As Grubhub sees it, digitally-minded restaurants need to focus on engagement if they’re going to succeed.
In an interview with PYMNTS, Kate Green, vice president, restaurant services and innovation at the aggregator, spoke to the necessity of focusing on returning customers instead of just new customer acquisition.
“We’ve seen a lot of trends toward what we call the ‘engagement phases’ of a diner lifecycle. So, it’s not just about acquiring that diner, but how you engage with them?” Green said. “Diners expect things like marketing and promotions and campaigns to both entice them to place an order and reward them for being a returning customer.”
She added that, in her conversations with restaurants, she had heard an increasing focus on driving direct ordering to provide those eateries with data about their customers’ habits to get diners to come back.
Merchants have been asking for “access to that data and then the tools to activate it,” Green said, adding that they will be able to “engage more deeply with their diners through marketing, promotions, et cetera.”
Certainly, returning customers are key to restaurants’ success, according to research from the December edition of PYMNTS’ Restaurant Digital Divide study, “The 2022 Restaurant Digital Divide: Turning First-Time Diners Into Loyal Customers.”
The report, which draws from a survey of more than 2,200 U.S. consumers, reveals that 34% of consumers try new restaurants each month. Meanwhile, returning customers are estimated to account for between 83% and 90% of all restaurant orders. Granted, those returning customers may pay less than first-timers — an average of $19.40 per order versus $35.20 respectively — but given that they account for the lion’s share of sales, it is key to maintain their loyalty.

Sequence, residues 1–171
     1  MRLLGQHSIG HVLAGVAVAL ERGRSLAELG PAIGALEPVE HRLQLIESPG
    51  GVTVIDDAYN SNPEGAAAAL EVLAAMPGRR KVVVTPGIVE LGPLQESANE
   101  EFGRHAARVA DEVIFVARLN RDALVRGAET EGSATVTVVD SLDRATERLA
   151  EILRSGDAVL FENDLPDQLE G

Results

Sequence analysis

Indeed, looking to the year ahead, Green predicted that there will be a greater focus on driving repeat visits.
“I think you’ll see even more of a turn towards loyalty. I think there’s an expectation from diners — everyone wants to get that deal,” Green said.
Certainly, Grubhub is in an odd place with direct ordering. When sales come via the aggregator’s marketplace, the company retains that customer data. It can build loyalty to the platform rather than to individual merchants, and third-party orders also enable Grubhub to take often significant commissions on the order.
Yet, direct channels generate twice as many restaurant sales as third-party marketplaces, so aggregators must adapt to this demand to touch more restaurant transactions.
Research from PYMNTS’ study “The 2022 Restaurant Digital Divide: Restaurant Apps And Websites In The Spotlight,” which draws from a survey of nearly 2,000 U.S. consumers, finds that 16% of consumers primarily order food via restaurants’ direct ordering channels such as their website or their app. Meanwhile, only half of that share (8%) stated that they mainly order food via third-party aggregator.
Still, Green maintains that aggregators and direct ordering are not in competition.
“What we’ve seen too is that diners are going to make their choice based on where they’re going to want to order, and it’s our job to be able to create the best experiences for those diners and for our restaurant partners, whether that’s on a direct channel or whether that’s on marketplace,” Green said. “So we see them really as more complementary than [as] competing channels.”